My grandfather passed away a few weeks ago. I was asked to say something at the funeral. Normally i don't write out full speeches, but i knew given the emotion involved and the things i didn't want to forget to say, that writing it out would be the best choice this time.
So, since i had it written out anyway, i decided to post it here, if for no other reason that 1) to honor him and 2) i haven't posted anything in a really, really long time.
For a long time growing up, to me Papaw was just Papaw. One of those constants that was always there and never changed. As I grew older and became a teenager, I saw him as kind and gentle. A man of reason and intelligence. Always quiet and understated - but also through the eyes of a teenager I'll admit: he seemed a little boring. He was an architect and engineer, and that was ok I suppose, but I didn't exactly see him as exciting - and he ate at Luby's a little more often than a 13 year old thought was normal.
But I am very happy to say that as I grew up further, I started to see more of my Papaw then I had before. And soon I realized that seeing him as more than just a quiet and kind grandfather also taught me a strong life lesson.
It's worth backing up a little more and saying that I grew up hearing stories of far off war heroes and great men in my family, but I had never met any. They had all passed away before I was born. They all existed in stories and pictures, but I'll admit that sometimes it was hard to identify with them.
I also remember hearing that Papaw was in a war - in fact I remember being confused as a little kid if it was WWI or WWII. I knew he was in the corps of engineers. I remember being told that they "built bridges and things like that". When I looked at my grandfather and thought of an engineer, I thought nothing more of it. I was proud of his service. I thought he built bridges for the army.
Then a few years ago, just as the parkinsons was starting to take him from us, he started talking. Sharing in a way he apparently never had, or at least hadn't in years. I don't remember if I asked a question or if he brought it up. But he started telling me stories I'd certainly never heard - and later found out, I don't think had ever been told.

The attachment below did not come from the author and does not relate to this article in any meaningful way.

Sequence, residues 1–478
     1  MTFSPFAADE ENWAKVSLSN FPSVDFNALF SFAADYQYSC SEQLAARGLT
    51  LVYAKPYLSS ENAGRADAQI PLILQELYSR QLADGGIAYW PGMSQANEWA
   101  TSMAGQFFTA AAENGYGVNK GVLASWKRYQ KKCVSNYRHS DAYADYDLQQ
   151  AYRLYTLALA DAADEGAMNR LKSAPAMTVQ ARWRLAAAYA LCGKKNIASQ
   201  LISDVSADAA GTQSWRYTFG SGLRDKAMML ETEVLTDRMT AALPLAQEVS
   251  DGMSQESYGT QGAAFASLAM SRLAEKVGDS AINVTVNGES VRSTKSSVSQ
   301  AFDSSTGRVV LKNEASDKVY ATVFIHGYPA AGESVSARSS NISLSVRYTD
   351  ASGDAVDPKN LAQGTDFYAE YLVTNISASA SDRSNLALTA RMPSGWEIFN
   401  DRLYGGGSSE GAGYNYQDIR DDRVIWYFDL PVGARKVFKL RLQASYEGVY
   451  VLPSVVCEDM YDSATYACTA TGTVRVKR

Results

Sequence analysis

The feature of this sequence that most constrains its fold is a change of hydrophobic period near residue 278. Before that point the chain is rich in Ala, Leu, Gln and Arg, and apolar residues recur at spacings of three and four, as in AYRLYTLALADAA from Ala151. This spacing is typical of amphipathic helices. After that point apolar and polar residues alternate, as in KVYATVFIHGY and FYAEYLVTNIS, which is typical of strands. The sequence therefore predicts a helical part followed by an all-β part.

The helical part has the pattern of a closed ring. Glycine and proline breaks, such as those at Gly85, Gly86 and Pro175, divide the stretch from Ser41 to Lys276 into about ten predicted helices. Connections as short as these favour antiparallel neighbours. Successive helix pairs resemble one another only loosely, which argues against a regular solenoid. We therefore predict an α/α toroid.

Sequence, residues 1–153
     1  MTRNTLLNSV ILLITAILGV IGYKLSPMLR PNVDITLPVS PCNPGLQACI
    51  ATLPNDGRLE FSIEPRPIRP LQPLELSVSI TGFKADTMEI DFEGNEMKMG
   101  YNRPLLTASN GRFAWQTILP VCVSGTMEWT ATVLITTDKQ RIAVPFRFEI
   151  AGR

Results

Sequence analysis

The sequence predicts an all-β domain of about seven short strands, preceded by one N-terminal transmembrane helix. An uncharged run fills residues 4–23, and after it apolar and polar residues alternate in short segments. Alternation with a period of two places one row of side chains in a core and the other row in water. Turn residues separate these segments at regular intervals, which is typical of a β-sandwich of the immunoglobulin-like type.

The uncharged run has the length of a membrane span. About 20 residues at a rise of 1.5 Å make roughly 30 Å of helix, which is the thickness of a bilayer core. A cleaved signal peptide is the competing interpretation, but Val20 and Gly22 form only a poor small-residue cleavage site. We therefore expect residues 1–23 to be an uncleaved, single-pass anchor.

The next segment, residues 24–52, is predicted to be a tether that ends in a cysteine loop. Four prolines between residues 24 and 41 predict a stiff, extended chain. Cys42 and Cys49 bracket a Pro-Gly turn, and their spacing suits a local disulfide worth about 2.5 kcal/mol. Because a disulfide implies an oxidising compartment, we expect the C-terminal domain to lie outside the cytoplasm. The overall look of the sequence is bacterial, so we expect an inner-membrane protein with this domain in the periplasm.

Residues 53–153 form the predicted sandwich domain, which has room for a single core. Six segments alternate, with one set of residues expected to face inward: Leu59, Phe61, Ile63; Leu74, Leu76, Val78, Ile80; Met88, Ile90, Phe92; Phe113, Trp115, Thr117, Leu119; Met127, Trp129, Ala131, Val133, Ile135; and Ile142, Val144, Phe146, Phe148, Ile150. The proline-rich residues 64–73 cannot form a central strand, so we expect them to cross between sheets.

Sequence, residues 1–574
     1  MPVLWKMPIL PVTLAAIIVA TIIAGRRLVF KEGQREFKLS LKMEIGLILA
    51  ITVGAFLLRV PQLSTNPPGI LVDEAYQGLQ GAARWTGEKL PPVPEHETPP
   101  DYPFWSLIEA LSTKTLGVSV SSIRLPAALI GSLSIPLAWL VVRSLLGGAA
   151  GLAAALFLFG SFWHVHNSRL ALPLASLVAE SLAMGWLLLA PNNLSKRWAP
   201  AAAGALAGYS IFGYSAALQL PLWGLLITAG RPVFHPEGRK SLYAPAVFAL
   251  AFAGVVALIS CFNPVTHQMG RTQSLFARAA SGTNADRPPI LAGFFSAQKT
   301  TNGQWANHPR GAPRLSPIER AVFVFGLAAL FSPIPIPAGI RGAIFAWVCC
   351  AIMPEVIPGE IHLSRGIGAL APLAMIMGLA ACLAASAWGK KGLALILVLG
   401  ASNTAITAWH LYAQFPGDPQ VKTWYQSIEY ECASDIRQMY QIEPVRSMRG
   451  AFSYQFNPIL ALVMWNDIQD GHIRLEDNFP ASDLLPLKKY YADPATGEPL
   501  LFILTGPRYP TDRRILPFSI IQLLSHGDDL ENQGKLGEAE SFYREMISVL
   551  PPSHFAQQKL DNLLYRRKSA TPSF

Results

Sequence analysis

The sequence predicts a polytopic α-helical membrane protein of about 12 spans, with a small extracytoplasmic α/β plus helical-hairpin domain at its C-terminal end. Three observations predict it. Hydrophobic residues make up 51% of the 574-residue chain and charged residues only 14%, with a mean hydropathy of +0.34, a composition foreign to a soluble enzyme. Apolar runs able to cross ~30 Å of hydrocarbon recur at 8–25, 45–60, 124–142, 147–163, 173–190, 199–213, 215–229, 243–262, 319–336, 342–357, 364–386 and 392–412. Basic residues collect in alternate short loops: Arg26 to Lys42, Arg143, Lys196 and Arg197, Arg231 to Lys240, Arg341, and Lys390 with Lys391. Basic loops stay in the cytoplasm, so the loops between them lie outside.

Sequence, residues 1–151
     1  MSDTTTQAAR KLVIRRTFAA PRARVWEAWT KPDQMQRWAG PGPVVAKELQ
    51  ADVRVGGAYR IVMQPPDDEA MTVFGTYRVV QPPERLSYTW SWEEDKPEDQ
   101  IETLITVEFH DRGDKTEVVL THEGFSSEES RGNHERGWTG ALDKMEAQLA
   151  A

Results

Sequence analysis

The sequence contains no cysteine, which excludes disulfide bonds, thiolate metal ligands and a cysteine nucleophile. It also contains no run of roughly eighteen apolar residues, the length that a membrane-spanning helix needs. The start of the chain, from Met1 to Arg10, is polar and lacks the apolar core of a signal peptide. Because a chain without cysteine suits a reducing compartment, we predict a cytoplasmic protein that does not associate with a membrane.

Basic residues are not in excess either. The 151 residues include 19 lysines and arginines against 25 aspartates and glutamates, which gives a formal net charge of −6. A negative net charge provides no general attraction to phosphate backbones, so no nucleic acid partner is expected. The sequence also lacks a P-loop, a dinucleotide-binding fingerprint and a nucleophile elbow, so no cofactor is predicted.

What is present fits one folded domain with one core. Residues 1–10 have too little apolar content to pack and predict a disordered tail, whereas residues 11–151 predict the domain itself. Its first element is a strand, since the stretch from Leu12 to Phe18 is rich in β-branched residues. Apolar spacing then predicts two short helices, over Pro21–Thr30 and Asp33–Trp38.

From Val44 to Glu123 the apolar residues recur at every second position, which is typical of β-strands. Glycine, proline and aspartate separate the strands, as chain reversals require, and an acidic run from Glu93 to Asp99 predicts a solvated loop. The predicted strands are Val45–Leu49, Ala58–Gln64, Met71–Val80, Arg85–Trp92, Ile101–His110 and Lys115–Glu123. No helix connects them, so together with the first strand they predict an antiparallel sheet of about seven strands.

And I emphasize that not out of pride for him confiding in me. It was pure luck that I was there when he decided to share what he did with me. I emphasize it because it is the clearest demonstration of his humility.
You see, he was a hero. Like so many of his generation he didn't think so. He was just part of the war machine. He was drafted in and was doing what he had to do. But I can tell you now he was a great man and a hero.
He was a part of what was nicknamed the Red Ball Express. They were the crack team of engineers and truckers that did the impossible: built fuel lines and kept them safe from Nazi saboteurs to keep up with Patton's march through Europe.
If that still may not sound like much, you're in need of a quick history lesson:
Just after the allies' landing at Normandy on D-Day, the allies broke through and had the Nazis on their heels. Allied leadership decided to abandon plans of a slow advance and pushed their advantage on the Germans - not allowing the enemy to setup another strong line of defense. The goal was to keep them in constant retreat.
This is something the Germans were unprepared for because it was, of course, impossible.
The trucks and tanks of war, not to mention the supply trucks needed to bring soldiers and ammo to a constantly moving front line, were not exactly hybrids. They burned up fuel at an alarming rate. So much so that the quickly advancing army outran the existing supply chain. Prior to that it could take days to extend pipeline miles over the rolling hills and fields of Europe.
My grandfather and his fellows were called in to rapidly extend pipeline from Cherbourg to a constantly advancing set of supply stations, which then moved the fuel to trucks that carried supplies to the front lines.
They were asked to do the impossible: keep up with George Patton. They did. Without them, the allied march through Europe would have taken months longer and cost many more lives if the Nazi's had had more time to shore up more defenses at the Rhine. Instead, my Papaw and others like him kept the axis on their heels and turned the tied of the war.
After Papaw first told me about this, I did some research and found a quote from Gen. Patton about the work of the engineers: "my men can eat their belts if they have to, but they have to have fuel in their trucks and tanks".